NARAL Pro-Choice America supports the legal framework established in Roe v. Wade. Regarding the right to abortion in the third trimester, Roe allows for restrictions on post-viability abortion so long as they contain adequate exceptions to protect the woman’s life and health. However, many states have bans with inadequate exceptions, no exceptions at all, or define viability as occurring at a particular point in pregnancy. A state may not prohibit abortion prior to viability, which is that point at which a fetus is capable of "meaningful life" outside a woman’s body. Roe v. Wade, 410 U.S. 113, 163 (1973). Because viability is a point that varies with each pregnancy, states may not declare that it occurs at a particular gestational age. NARAL Pro-Choice America opposes Alabama’s post-viability restriction because the health exception is dangerously narrow.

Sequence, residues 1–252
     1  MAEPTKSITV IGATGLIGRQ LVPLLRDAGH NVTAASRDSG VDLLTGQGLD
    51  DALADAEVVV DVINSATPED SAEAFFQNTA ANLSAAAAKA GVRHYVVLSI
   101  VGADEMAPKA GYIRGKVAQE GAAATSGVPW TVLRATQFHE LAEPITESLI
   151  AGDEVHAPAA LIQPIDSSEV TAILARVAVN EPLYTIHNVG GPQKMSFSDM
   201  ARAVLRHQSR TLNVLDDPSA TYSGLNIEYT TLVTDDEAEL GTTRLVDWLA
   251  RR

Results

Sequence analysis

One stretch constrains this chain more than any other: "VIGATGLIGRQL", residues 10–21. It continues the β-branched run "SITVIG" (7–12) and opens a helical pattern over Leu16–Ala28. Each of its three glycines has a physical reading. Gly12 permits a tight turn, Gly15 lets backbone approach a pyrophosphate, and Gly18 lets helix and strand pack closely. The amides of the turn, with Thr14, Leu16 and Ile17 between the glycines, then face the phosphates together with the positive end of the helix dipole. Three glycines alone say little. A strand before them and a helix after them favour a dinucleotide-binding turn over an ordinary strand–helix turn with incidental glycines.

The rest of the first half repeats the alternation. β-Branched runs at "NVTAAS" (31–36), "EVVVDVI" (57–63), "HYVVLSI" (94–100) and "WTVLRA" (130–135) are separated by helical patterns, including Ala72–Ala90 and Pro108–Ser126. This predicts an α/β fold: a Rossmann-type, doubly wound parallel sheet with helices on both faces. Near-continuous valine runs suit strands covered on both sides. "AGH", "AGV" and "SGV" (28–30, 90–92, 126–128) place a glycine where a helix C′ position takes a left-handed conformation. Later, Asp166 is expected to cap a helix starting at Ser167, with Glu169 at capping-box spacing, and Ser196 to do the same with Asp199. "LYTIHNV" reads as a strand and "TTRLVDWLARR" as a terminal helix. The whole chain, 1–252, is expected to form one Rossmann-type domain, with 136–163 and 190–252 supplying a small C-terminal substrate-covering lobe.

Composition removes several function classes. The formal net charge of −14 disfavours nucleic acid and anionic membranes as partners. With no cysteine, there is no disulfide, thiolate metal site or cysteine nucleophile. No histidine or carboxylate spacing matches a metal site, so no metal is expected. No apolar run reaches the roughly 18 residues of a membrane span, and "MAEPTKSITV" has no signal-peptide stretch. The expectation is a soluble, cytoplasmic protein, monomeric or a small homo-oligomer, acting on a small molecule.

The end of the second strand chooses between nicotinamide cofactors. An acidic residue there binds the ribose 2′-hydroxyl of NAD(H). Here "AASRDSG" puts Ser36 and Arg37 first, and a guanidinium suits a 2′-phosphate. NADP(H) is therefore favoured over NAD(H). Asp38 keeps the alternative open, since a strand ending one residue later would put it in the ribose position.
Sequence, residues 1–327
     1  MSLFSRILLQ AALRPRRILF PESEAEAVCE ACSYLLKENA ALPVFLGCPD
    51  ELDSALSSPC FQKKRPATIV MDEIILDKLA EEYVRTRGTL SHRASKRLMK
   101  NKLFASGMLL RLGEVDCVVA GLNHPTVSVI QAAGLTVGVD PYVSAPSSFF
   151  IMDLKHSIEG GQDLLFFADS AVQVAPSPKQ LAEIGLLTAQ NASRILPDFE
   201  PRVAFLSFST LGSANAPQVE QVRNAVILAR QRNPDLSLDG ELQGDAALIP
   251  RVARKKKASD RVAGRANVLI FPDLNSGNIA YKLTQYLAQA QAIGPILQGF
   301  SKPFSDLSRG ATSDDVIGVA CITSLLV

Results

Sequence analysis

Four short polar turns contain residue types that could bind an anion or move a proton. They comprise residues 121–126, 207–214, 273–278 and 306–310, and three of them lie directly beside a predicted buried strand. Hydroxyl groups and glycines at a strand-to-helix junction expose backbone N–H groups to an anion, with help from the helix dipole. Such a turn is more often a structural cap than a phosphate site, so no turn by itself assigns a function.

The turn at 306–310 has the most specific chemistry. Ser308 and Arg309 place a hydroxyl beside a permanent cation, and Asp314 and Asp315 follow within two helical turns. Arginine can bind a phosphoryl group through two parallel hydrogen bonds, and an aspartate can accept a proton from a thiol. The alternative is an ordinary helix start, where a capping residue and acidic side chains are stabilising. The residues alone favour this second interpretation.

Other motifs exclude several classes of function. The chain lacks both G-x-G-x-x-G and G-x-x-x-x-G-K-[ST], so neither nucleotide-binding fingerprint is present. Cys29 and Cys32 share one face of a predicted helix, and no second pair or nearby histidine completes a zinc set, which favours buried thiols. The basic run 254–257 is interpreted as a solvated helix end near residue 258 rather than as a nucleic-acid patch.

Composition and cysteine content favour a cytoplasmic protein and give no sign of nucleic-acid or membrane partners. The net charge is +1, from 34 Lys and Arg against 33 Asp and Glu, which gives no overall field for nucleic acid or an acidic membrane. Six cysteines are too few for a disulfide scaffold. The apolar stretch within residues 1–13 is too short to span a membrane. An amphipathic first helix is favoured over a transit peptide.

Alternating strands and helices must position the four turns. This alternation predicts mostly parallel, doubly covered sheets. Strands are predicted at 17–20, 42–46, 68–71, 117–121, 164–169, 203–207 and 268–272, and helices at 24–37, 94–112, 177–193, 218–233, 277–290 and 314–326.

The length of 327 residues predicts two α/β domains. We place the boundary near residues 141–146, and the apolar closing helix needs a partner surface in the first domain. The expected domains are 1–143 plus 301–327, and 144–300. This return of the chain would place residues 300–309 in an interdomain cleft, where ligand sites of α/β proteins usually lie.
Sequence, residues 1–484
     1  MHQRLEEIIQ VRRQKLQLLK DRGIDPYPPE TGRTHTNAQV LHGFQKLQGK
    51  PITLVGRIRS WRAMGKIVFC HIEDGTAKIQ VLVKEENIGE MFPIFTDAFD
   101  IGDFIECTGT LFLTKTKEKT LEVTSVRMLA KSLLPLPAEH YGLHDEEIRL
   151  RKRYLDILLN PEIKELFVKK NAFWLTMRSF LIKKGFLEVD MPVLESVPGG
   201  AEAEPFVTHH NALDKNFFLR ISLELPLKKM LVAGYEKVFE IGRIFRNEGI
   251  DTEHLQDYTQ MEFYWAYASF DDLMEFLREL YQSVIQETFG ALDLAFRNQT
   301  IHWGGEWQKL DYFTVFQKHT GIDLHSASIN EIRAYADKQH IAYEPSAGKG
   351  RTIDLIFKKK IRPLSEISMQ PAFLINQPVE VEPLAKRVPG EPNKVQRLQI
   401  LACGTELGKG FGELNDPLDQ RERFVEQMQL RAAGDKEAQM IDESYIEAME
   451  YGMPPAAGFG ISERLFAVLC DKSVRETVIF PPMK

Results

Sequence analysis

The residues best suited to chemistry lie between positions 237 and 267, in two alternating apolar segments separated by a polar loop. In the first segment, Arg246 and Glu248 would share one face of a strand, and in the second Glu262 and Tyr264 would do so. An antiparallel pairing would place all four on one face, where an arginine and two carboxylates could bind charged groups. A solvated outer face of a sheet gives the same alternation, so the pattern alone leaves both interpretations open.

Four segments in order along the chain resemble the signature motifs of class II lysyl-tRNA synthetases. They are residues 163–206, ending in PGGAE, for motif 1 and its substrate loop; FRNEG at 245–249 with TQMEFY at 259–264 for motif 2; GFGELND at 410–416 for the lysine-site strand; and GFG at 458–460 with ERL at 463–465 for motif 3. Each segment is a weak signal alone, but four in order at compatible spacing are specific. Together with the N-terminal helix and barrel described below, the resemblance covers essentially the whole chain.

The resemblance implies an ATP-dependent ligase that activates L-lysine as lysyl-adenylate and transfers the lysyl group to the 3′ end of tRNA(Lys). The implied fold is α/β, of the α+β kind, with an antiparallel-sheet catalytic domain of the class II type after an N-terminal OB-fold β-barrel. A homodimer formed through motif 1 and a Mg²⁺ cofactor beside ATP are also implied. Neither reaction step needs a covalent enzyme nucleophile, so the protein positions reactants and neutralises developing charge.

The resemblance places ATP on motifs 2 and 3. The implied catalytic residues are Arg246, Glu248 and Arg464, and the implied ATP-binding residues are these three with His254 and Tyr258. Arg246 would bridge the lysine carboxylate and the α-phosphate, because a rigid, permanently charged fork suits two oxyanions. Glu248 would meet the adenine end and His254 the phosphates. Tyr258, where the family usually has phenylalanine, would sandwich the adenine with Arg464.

A woman may not obtain an abortion until after the attending physician, referring physician, or physician’s agent, who is a psychologist, licensed social worker, licensed professional counselor, registered nurse, or physician, tells her: (1) the nature of the proposed procedure, including risks and alternatives; (2) the probable gestational age of the “unborn child”; (3) the probable anatomical and physiological characteristics of the “unborn child”; (4) if the “unborn child” is viable or has reached the gestational age of more than 19 weeks, that the “unborn child” may be able to survive outside the womb, the woman has the right to request the physician to use the method most likely to preserve the life of the “unborn child,” and that if the “unborn child is born alive,” the attending physician is legally obligated to take all reasonable steps necessary to maintain the life and health of the child; (5) the attending or referring physician must provide an ultrasound prior to the abortion and that the woman has the right to view the ultrasound prior to the abortion; (6) she has a right to view a state-prepared video; (7) she is free to withdraw or withhold consent without loss of any state or federally funded benefits; and (8) the name of the physician who will provide the abortion, in writing or a business card.